We spent an indeterminate amount of time scouring the Internet, Pinterest specifically, for epic places to visit in Northern California. Of course, Yosemite and Sequoia National Park, the Redwood Forest, San Francisco, and other well known and oft visited places were on our list, but we were looking for the more obscure in order to round out our speedy trip as being tourists is necessary in order to take in the aforementioned attractions, but we much prefer to travel like locals.
In our searches we found Glass Beach, in Fort Bragg, CA. Definitely a tourist attraction, but it looked amazing. Beautiful pieces of glass inches deep on top of the sand. How they got there, we had no clue. Maybe they were really rocks that looked like glass? Maybe they were shells? Or some kind of salt glass?
The background is way less magical … it would seen sometime in the early 1900’s residents would throw their glass bottles and more off the cliffs into the ocean. From FortBragg.com,
” From 1906 to 1967, everything from cars to batteries to bottles, cans and appliances were unceremoniously pushed over the cliffs into the ocean — a common practice of seaside cities for centuries.”
And now, the city of Fort Bragg, has turned this beach into an attraction. And, make no mistake, it is an attraction. Instead of being some obscure place that hangs it’s head in shame, there were dozens and dozens of people digging in the sand for pieces of glass.
I was laughing about that. With California being the self-proclaimed leader of the environmental movement, isn’t it ironic that they would celebrate something like this?? I mean, littering in CA carries a fine of $1000. And you do realize that due to regulation upon regulation, good or bad, there will be nothing like this for our kid’s kids because already the glass is difficult to find and according to locals, they can remember a time when the glass was one foot deep above the sand!!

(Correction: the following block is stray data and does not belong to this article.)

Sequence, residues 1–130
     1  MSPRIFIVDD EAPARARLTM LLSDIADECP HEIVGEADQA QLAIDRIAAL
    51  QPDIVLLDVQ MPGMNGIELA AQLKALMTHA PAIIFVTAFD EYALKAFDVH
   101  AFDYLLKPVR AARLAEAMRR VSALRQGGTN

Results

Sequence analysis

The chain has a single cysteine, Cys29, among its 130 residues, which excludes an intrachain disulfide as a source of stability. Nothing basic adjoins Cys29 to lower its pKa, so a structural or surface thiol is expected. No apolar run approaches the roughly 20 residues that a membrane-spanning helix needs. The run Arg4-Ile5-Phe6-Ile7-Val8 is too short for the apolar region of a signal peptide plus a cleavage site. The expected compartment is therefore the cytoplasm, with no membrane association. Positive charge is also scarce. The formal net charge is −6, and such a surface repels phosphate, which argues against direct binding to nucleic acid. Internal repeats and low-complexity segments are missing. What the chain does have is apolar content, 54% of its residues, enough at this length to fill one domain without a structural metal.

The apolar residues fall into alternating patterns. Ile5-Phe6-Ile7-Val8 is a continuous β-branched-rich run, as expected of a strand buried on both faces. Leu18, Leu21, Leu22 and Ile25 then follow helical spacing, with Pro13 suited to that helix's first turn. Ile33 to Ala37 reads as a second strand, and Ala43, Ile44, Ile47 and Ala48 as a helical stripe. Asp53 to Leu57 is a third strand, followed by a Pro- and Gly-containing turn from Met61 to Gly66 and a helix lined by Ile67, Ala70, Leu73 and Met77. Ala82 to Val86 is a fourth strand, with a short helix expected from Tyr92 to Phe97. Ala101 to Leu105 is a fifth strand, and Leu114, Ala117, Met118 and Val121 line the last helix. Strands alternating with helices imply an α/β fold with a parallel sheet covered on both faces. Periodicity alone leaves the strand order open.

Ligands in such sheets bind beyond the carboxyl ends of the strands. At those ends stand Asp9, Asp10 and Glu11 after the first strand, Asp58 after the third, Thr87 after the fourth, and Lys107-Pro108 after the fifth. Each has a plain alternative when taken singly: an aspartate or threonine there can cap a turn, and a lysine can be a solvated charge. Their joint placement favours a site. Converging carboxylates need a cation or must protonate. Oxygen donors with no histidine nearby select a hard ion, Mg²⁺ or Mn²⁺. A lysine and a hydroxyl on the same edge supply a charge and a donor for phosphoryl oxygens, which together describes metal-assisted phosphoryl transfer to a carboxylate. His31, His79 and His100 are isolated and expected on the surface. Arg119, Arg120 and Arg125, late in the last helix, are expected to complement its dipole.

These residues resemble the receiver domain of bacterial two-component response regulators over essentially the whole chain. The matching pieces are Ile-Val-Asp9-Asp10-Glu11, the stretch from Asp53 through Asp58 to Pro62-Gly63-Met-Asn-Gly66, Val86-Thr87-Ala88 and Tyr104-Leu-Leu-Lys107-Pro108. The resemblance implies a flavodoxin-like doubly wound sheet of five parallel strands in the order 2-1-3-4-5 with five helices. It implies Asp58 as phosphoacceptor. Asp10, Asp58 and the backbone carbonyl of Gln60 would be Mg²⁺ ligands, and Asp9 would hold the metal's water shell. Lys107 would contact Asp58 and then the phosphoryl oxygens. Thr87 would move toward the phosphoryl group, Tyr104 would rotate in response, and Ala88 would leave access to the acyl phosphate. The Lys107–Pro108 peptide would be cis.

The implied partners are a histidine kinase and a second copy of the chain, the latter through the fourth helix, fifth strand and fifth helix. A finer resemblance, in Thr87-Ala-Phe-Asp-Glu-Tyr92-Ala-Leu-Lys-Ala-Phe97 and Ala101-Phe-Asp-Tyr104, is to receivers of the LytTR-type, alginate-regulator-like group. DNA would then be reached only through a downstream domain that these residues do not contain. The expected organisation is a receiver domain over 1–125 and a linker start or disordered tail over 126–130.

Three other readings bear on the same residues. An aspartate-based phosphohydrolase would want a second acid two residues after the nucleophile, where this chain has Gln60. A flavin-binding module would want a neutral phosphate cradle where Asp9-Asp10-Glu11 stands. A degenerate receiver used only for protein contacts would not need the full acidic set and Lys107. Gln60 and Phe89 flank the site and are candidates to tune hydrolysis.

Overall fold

Can you imagine the world during that time? Can you imagine the people of the town coming to the cliffs to discard of their trash? I spent a lot of time conjuring images of those times, the Great Depression, the struggles, the possible recovery … it is remarkable to me that History was such a boring subject in school, because when you are out there discovering it, imagining it, it is fascinating. FASCINATING. And it motivated me to discuss the era with the kids. We googled, we imagined and we discussed … education truly is in every minute of every day … but that’s for another time.
Now, many of my friends have come forth and said that they have had Glass Beach on their Bucket Lists for “ever”. I think they have seen some very VERY flattering photos and think, like I did, that they can collect enough colorful beach glass to decorate a vase or picture frame. No, No, No. Not gonna happen.
Glass Beach is NOT a destination for large pieces of smooth glass that will adorn your home. Not at all. For one it is prohibited. And two, because no-one heeded the prohibition, there isn’t a plethora of it either. I equate it to panning for gold. You might get lucky and find a cool piece, a few of the kids and Dan did, but it takes work and patience, the sort I wasn’t all that willing to invest.
But, what Glass Beach is, is a FABULOUS place to explore. We were all over the exploration of the beach. Exploration is our thing. We climbed all the rocks, scaled the cliffs, discovered caves, went hunting for HUGE crabs, watched huge elephant seals, took some sick photos, touched sea anemone, met tourists from Germany and Japan, learned there is some crazy looking seaweed, conducted a bit of networking (tax deduction) and determined without a doubt that we could, if necessary, survive in a beach setting for an extended amount of time.